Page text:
- Colebatch JG, Halmagyi GM. Vestibular evoked potentials in human neck muscles before and after unilateral vestibular deafferentation. Neurology. 1992;42(8):1635–6.View ArticlePubMedGoogle Scholar
- Colebatch JG, Halmagyi GM, Skuse NF. Myogenic potentials generated by a click evoked vestibulocollic reflex. J Neurol Neurosurg Psychiatry. 1994;57(2):190–7.PubMed CentralView ArticlePubMedGoogle Scholar
- Halmagyi GM, Yavor RA, Colebatch JG. Tapping the head activates the vestibular system: a new use for the clinical reflex hammer. Neurology. 1995;45(10):1927–9.View ArticlePubMedGoogle Scholar
- Sheykholeslami K, Murofushi T, Kermany MH, Kaga K. Bone-conducted evoked myogenic potentials from the sternocleidomastoid muscle. Acta Otolaryngol. 2000;120(6):731–4.View ArticlePubMedGoogle Scholar
- Rosengren SM, Todd NPM, Colebatch JG. Vestibular-evoked extraocular potentials produced by stimulation with bone-conducted sound. Clin Neurophysiol. 2005;116(8):1938–48.View ArticlePubMedGoogle Scholar
- Todd NPM, Rosengren SM, Aw ST, Colebatch JG. Ocular vestibular evoked myogenic potentials (OVEMPs) produced by air- and bone-conducted sound. Clin Neurophysiol. 2007;118(2):381–90.View ArticlePubMedGoogle Scholar
- Curthoys IS, Iwasaki S, Chihara Y, Ushio M, McGarvie LA, Burgess AM. The ocular vestibular-evoked myogenic potential to air-conducted sound; probable superior vestibular nerve origin. Clin Neurophysiol. 2011;122(3):611–6.View ArticlePubMedGoogle Scholar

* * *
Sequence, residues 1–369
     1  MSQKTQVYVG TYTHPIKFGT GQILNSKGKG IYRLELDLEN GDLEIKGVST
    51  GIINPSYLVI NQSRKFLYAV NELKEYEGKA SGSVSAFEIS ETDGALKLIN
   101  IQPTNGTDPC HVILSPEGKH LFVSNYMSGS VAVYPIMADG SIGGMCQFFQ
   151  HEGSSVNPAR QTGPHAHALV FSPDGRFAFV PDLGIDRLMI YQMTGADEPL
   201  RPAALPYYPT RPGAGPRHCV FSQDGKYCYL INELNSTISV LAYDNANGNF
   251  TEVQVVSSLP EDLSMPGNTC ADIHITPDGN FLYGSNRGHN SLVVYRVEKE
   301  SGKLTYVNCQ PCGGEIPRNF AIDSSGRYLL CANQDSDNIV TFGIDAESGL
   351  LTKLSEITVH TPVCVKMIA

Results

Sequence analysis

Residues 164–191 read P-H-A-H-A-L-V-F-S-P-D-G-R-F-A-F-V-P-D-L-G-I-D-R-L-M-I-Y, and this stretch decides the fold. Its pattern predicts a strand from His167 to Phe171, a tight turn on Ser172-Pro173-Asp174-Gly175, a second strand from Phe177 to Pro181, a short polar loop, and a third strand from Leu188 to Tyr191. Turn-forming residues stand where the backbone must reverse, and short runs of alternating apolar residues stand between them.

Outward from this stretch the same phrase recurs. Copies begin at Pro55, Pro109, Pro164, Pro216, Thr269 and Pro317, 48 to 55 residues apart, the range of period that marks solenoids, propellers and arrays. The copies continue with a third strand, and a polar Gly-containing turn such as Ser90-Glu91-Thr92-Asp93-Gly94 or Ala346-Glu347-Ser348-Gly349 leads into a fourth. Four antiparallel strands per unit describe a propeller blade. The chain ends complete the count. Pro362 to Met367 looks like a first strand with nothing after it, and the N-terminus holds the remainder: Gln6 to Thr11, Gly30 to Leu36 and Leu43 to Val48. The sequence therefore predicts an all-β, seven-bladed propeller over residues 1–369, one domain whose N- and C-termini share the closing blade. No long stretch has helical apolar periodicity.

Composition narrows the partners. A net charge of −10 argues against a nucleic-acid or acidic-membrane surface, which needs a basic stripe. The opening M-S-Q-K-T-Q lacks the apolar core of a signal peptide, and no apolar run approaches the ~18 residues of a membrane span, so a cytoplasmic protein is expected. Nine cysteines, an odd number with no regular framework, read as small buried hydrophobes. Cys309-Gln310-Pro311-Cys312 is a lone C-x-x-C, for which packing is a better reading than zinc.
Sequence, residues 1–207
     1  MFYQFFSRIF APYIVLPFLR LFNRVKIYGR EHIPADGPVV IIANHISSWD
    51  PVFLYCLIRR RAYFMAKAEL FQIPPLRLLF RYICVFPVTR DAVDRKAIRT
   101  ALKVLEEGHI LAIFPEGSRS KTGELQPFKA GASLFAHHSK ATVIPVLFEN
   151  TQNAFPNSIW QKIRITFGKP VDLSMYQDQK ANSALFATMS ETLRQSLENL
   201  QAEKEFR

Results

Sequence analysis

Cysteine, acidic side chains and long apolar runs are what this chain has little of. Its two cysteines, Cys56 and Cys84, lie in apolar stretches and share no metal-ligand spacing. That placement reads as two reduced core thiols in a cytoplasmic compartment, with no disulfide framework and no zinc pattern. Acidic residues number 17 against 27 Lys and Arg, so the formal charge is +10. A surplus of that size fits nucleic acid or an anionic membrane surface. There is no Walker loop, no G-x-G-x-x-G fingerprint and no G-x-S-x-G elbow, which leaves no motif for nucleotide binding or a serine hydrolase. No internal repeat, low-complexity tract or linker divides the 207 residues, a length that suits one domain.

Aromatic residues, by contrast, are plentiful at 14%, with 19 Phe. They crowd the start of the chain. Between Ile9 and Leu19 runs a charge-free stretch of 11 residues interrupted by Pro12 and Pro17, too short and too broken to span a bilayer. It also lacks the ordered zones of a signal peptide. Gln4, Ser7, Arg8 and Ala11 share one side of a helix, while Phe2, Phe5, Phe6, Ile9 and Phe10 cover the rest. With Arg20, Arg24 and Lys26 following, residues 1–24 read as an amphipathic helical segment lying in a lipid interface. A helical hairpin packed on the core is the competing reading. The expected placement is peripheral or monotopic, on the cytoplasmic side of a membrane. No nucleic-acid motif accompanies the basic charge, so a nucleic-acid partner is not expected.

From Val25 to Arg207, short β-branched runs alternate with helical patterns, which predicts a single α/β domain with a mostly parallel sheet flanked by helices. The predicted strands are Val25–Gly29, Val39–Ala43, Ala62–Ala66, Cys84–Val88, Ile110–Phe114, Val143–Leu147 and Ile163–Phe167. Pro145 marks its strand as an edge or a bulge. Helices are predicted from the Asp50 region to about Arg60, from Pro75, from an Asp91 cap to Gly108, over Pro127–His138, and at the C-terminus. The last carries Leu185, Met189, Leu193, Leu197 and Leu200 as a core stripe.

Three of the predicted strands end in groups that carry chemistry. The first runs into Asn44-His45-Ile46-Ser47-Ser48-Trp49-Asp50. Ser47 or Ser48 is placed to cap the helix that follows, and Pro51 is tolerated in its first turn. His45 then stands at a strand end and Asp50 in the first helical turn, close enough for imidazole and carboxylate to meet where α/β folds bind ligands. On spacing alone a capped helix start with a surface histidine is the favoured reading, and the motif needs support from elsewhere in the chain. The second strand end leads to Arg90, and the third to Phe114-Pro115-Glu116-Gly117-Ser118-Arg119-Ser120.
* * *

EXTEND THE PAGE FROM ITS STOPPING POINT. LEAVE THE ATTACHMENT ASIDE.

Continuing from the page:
- Murofushi T, Nakahara H, Yoshimura E, Tsuda Y. Association of air-conducted sound oVEMP findings with cVEMP and caloric test findings in patients with unilateral peripheral vestibular disorders. Acta Otolaryngol. 2011;131(9):945–50.View ArticlePubMedGoogle Scholar
- Hall SF, Ruby RR, McClure JA. The mechanics of benign paroxysmal vertigo. J Otolaryngol. 1979;8(2):151–8.PubMedGoogle Scholar
- Brandt T, Steddin S. Current view of the mechanism of benign paroxysmal positioning vertigo: cupulolithiasis or canalolithiasis? J Vestib Res. 1993;3(4):373–82.PubMedGoogle Scholar
- Ushio K, Morizono T, Yagi T. Three-component analysis of benign paroxysmal positional nystagmus. Acta Otolaryngol. 1995;519:107–9.View ArticleGoogle Scholar
- Akkuzu G, Akkuzu B, Ozluoglu LN. Vestibular evoked myogenic potentials in benign paroxysmal positional vertigo and Meniere’s disease. Eur Arch Otorhinolaryngol. 2006;263(6):510–7.View ArticlePubMedGoogle Scholar
- Sugita-Kitajima A, Azuma M, Hattori K, Koizuka I. Evaluation of the otolith function using sinusoidal off-vertical axis rotation in patients with benign paroxysmal positional vertigo. Neuroscience Lett. 2007;422(1):81–6.View ArticleGoogle Scholar